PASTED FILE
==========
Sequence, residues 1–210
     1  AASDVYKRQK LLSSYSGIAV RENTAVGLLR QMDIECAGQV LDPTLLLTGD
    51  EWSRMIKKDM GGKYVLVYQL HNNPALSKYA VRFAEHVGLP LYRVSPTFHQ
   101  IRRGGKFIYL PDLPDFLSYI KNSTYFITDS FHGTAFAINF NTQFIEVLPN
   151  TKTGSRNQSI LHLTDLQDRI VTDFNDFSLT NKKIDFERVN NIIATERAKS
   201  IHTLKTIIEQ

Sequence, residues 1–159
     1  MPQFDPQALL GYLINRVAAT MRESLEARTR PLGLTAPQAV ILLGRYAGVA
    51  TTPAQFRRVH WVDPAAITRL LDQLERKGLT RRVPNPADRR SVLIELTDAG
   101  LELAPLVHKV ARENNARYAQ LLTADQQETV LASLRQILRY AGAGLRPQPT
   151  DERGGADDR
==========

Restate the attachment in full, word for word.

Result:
Sequence, residues 1–210
     1  AASDVYKRQK LLSSYSGIAV RENTAVGLLR QMDIECAGQV LDPTLLLTGD
    51  EWSRMIKKDM GGKYVLVYQL HNNPALSKYA VRFAEHVGLP LYRVSPTFHQ
   101  IRRGGKFIYL PDLPDFLSYI KNSTYFITDS FHGTAFAINF NTQFIEVLPN
   151  TKTGSRNQSI LHLTDLQDRI VTDFNDFSLT NKKIDFERVN NIIATERAKS
   201  IHTLKTIIEQ

Sequence, residues 1–159
     1  MPQFDPQALL GYLINRVAAT MRESLEARTR PLGLTAPQAV ILLGRYAGVA
    51  TTPAQFRRVH WVDPAAITRL LDQLERKGLT RRVPNPADRR SVLIELTDAG
   101  LELAPLVHKV ARENNARYAQ LLTADQQETV LASLRQILRY AGAGLRPQPT
   151  DERGGADDR